Krysta Rodriguez and Scott Barnhardt Come Back to Their OC Roots
By Lauren Knight
Orange County School of the Arts alumni Krysta Rodriguez and Scott Barnhardt returned to Orange County on Jan. 27 to perform their cabaret “Coming Home” at the Irvine Barclay Theater.
With Broadway credits from shows like “The Book of Mormon,” “Big River,” “The Addams Family,” and “Spring Awakening,” Barnhardt and Rodriguez reflected on over fifteen years of friendship through a mutual love of musical theater. The two first met at OCSA in 2003, and have continued to share many experiences, jokingly reminiscing about all of them while flashing through a slideshow of pictures on the screen behind them.
“Coming Home” had a lighthearted, comedic tone, as Rodriguez played goofy clips of elementary school talent shows and explained how her spunky, younger self told her elementary school classmates to “shut up” when they laughed at her dressed up as Annie Warbucks.
“This was the year they decided not to name a winner of the talent show,” Rodriguez said, admitting that her snappy remark was made into a microphone onstage and projected loud and clear across the auditorium.
Barnhardt reflected on his childhood dream to visit Dolly Parton’s “Dollywood” on a road trip with his father. While explaining how his father drove straight past Dollywood on their road trip, Barnhardt belted Amy Winehouse’s, “To Know Him is to Love Him” and Dolly Parton’s, “I Will Always Love You,” promising to someday visit Dollywood on his own.
After describing OCSA as a place where they discovered how to be comfortable in their own skin as theater kids, the duo sang, “Suddenly Seymour” from “Little Shop of Horrors” and invited eight girls of OCSA’s Musical Theatre Conservatory onstage. Singing harmonies for Rodriguez and Barnhardt in the musical number, the young women displayed incredible vocal strength and talent, leading to thunderous applause from the audience at the end of the song.
“Throughout the rehearsal process, Mr. Barnhardt and Krysta constantly reminded [us] to go even further,to stretch that hand a little further, or to live in that moment a little more,” said OCSA junior Noi Maeshige.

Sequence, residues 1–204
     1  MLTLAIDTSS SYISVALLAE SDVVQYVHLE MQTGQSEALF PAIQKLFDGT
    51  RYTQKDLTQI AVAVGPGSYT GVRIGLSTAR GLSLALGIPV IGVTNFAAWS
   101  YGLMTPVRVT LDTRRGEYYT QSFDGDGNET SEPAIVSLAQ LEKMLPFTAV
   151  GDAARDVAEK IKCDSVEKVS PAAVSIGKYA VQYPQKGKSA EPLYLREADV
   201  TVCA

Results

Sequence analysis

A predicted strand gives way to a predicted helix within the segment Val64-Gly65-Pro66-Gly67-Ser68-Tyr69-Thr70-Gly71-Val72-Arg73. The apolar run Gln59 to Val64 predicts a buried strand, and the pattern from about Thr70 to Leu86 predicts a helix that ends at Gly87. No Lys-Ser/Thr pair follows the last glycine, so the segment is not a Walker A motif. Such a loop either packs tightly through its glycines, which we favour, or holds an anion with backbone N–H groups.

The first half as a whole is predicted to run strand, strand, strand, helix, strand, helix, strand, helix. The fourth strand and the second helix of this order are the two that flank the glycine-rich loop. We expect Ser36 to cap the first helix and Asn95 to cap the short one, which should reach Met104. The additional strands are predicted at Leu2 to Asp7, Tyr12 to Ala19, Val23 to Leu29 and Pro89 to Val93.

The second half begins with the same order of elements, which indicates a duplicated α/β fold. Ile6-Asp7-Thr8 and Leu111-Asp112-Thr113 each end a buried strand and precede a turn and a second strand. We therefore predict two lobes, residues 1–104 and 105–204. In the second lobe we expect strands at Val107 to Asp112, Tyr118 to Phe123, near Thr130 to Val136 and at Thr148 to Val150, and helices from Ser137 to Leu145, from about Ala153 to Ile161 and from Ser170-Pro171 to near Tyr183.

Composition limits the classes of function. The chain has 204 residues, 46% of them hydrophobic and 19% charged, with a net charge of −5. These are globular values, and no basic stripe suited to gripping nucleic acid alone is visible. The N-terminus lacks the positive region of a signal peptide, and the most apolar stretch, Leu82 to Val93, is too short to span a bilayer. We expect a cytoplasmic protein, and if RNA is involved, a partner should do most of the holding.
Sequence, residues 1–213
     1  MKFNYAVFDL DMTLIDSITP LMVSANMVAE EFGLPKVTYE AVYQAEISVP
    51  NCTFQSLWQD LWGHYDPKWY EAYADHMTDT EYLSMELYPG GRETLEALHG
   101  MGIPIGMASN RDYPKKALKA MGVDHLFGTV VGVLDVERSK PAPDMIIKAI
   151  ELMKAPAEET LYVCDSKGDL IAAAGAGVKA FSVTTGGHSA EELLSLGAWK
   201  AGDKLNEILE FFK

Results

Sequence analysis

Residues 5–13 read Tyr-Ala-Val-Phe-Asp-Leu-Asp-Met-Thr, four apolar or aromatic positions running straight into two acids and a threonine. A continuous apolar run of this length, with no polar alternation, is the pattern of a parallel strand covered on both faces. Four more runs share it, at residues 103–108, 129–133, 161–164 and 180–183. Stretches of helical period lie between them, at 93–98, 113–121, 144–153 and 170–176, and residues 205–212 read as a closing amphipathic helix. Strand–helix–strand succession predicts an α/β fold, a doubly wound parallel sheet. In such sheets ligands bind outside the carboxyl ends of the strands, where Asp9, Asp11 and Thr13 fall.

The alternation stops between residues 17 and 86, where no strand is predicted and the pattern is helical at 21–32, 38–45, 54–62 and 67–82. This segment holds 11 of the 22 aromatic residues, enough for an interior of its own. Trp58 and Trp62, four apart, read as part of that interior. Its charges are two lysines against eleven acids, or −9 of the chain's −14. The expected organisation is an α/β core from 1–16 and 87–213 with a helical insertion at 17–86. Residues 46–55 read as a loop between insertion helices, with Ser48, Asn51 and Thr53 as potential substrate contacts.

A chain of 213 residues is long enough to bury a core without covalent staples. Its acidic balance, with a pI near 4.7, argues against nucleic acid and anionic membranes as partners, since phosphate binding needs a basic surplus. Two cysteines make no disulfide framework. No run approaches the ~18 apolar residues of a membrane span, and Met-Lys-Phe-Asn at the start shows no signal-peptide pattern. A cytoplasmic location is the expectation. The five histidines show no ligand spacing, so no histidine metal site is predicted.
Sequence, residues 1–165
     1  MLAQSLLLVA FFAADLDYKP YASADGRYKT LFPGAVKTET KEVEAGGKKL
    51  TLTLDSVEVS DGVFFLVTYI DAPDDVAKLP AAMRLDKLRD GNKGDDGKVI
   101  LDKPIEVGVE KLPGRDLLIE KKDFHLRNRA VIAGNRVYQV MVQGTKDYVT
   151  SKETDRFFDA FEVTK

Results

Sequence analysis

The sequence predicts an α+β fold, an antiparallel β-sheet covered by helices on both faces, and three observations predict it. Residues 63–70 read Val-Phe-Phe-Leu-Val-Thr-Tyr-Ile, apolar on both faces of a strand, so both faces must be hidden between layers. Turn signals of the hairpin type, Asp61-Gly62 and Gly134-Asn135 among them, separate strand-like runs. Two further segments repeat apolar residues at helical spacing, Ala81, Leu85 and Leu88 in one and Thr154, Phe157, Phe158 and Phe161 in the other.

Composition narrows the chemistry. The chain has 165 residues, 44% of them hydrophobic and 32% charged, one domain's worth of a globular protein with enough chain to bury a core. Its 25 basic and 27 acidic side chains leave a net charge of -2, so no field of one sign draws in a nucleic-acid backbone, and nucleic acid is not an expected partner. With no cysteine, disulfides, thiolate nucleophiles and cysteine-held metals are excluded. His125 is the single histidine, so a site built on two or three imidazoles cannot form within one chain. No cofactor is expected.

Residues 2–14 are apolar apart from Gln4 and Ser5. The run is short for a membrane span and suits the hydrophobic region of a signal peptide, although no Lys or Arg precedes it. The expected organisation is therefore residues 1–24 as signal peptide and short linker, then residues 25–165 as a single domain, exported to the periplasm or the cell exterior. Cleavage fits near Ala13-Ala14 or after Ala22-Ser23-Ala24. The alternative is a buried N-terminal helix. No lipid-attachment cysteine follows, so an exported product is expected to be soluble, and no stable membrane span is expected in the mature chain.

Barnhardt is now employed as the Director of Musical Theatre at OCSA. Seeing these students sing alongside their teacher made the performance incredibly personal for the aspiring performers.
“Performing with my teacher was a little surreal,” says Maeshige. “We got to see a new side of Mr. Barnhardt that we don’t get to see when he is being our conservatory director.”
The young women sang, “Telephone Hour” from “Bye Bye Birdie” before retreating backstage for several songs. They returned onstage for a memorable performance of the American jazz standard, “Bye Bye Blackbird” with Rodriguez. The students’ backup singing for Rodriguez was accompanied by jazz choreography in the style of Bob Fosse, and brought a fun spin to an upbeat jazz tune. For OCSA senior Bella Gil, this was a highlight of the concert: “ I love Liza Minelli and Fosse!”
Barnhardt reentered the stage, describing his Broadway debut in the Deaf West production of “Big River,” which combined deaf and hearing actors to create a show in both American Sign Language and English. Rodriguez joined in by adding that when she received a callback for the Deaf West production of “Spring Awakening” years later and contacted Barnhardt immediately for lessons in American Sign Language. In a mashup of “River in the Rain” from “Big River” and “Blue Wind” from “Spring Awakening,” the two performed pieces from their respective shows, translating the lyrics in ASL as they sang. In a stunning rendition of the songs in both languages, the two gave the audience an idea of the beauty that comes with a Deaf West revival.
Towards the end of the concert, Rodriguez took center stage and shared the story about her year-long fight with breast cancer beginning in 2014. While reassuring the audience of her current good health, she shared her worries about losing her femininity in her fight. She explained how she turned to blogging about her experience, deciding to write a fashion blog for women fighting cancer. Standing onstage, Rodriguez states that one of her biggest struggles was with losing her hair once she started chemotherapy, something she felt was part of being a woman that was being stripped away. As the instrumental music began to play and Rodriguez sang “My Strongest Suit” from “Aida” with the OCSA students, a photo montage of Rodriguez in all of the fun wigs she wore while battling cancer played on the screen behind her. With wigs of all lengths, colors, and styles, Rodriguez later explained that through ChemoCouture, she was able to bring the exciting experience of trying all sorts of new looks to people across the nation who were in similar situations to her own. Smiling at some of her favorite looks, Rodriguez sings that a “dress has always been my strongest suit.”
Reflecting back on her “Annie” talent show anecdote, Rodriguez said that “Tomorrow” had such a powerful meaning to it, one that “young Krysta could have never realized.” With a wistful tone, Rodriguez sang the well-known song from “Annie”, slowing the song down enough for the audience to be able to hear and absorb the powerful lyrics. At the conclusion of “Tomorrow,” the OCSA students and Barnhardt rejoined Rodriguez to sing a couple more songs, concluding the concert with Whitney Houston’s energetic song, “I Wanna Dance With Somebody.”